If you love ceramics (I know I do) you should check out the works by master potters at Terrabruga Ceramics. They specialize in the rustic yellow and green ceramics for which the studio is famous.
If you are visiting Cortona on a weekend, there’s also Saturday morning market in Piazza Signorelli. You’ll find fresh produce, food products, local crafts, and antiques.
5. How Much Time Do You Need To Visit Cortona?
If you want to see everything I’ve mentioned above, you would need one full day in Cortona. But if you don’t have an entire day to dedicate to Cortona, you can still see the main attractions in the town in several hours. Add more time if you are stopping for a meal.
6. Things To Do Near Cortona
The best place to visit near Cortona is the town of Arezzo, about 30 minutes away. Arezzo is a mini-tsunami of high culture, architecture, and history all set amid a cobbled old town.
You can admire frescos of famed artist Piero della Francesca, visit Arezzo Cathedral, and wander through the beautifully frescoed house of artist-historian Giorgio Vasari.
If you’re willing to drive further, you can visit the lovely towns of Pienza and Montepulciano in southern Tuscany.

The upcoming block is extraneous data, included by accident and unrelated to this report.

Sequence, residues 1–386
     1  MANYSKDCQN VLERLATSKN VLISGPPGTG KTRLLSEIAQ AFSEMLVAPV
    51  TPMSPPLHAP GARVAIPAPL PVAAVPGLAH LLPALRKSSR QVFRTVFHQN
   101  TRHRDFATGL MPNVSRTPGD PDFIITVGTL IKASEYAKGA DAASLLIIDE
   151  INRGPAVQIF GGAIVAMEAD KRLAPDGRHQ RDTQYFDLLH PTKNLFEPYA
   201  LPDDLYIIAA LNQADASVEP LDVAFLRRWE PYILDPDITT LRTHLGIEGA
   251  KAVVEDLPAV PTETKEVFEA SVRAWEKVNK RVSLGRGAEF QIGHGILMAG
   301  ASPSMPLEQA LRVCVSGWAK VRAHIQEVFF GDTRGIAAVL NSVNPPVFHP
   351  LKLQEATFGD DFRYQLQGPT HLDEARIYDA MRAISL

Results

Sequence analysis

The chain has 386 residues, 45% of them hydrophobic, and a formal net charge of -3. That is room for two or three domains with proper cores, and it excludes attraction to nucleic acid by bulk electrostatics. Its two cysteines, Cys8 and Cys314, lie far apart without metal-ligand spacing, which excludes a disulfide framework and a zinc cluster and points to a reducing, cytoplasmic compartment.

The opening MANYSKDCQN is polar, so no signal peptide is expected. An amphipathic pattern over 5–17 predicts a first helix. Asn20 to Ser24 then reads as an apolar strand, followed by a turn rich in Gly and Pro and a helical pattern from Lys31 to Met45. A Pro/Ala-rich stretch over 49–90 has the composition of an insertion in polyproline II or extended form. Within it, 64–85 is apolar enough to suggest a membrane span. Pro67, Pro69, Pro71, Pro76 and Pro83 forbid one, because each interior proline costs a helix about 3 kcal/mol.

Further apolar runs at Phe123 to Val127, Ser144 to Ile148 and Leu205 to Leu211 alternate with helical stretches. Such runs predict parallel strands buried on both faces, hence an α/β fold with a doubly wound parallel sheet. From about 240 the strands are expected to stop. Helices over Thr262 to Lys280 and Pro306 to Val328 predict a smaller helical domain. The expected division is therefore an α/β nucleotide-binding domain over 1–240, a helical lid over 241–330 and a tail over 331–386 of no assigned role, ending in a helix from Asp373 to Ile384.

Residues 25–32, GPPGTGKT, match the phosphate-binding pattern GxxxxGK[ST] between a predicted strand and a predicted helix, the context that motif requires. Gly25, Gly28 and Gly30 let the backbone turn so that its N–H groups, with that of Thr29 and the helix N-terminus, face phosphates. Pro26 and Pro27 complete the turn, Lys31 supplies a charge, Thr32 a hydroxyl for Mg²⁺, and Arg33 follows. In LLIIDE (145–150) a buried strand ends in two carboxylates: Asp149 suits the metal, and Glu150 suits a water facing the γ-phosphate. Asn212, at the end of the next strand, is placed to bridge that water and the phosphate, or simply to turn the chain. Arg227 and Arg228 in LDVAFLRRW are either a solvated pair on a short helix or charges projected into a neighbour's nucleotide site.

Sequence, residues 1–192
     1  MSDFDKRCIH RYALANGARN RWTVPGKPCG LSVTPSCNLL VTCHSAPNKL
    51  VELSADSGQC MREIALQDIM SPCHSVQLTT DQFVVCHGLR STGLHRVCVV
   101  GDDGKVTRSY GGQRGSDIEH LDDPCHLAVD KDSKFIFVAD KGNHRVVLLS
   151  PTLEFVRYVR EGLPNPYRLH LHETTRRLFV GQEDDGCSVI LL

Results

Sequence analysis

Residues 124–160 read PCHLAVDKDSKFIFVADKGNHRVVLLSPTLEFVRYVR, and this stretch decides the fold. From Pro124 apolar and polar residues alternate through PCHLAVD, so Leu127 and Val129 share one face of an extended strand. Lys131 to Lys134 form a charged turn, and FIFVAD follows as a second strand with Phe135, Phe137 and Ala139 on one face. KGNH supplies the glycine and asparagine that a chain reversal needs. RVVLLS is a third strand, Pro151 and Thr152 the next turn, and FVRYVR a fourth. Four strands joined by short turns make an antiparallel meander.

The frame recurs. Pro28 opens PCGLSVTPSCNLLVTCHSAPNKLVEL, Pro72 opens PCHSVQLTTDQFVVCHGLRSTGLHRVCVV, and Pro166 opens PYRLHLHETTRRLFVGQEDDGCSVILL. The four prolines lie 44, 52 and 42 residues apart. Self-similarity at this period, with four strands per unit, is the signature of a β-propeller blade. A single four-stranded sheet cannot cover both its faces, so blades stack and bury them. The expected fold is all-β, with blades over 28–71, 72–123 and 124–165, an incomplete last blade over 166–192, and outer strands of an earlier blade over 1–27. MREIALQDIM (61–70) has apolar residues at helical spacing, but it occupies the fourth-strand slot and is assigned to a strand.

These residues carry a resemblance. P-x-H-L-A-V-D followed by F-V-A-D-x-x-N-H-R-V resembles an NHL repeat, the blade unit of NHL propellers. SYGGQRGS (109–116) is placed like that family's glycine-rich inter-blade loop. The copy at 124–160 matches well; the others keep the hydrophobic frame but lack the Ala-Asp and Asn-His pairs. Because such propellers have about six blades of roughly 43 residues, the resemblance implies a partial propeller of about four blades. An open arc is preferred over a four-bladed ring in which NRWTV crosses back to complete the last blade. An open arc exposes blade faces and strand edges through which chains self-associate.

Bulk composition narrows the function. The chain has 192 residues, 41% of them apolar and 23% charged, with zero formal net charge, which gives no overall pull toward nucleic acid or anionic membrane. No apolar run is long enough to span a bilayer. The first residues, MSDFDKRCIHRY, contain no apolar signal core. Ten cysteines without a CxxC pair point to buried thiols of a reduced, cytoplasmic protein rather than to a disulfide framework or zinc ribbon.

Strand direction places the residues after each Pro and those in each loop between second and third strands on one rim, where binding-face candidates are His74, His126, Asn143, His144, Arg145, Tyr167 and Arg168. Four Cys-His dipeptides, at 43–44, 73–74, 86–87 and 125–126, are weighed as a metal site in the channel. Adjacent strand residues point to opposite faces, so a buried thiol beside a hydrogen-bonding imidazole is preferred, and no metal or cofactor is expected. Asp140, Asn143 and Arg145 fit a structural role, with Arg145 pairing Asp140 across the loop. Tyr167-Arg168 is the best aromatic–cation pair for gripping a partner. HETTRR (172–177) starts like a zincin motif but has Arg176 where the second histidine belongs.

Pienza is a picture perfect small town that was intended to be the ideal Renaissance town. As a result, Pienza is one of Italy’s most beautiful towns with narrow streets, beautiful palaces, churches, and buildings.
Montepulciano is also an incredibly attractive hill town that’s synonymous with the classic Tuscan landscape. It’s perched on a limestone ridge and surrounded by vineyards.
Montepulciano is renowned for its well-preserved Medieval and Renaissance architecture, romantic nooks, and velvety vino nobile red wine.
I hope you’ve enjoyed my one day in Cortona itinerary. You may enjoy these other Italy travel guides and resources:
- 5 day itinerary for Rome
- Hidden gems in Rome
- 1 day itinerary for Vatican City
- 3 day itinerary for Florence
- 2 day itinerary for Venice
- 1 day itinerary for Milan
- 1 day itinerary for Siena
- Things To Do In San Gimignano
- 10 day itinerary for Tuscany
- 1 week itinerary for Umbria
- 10 day itinerary for Italy’s classic cites
- 12 ways to spend 1 week in Italy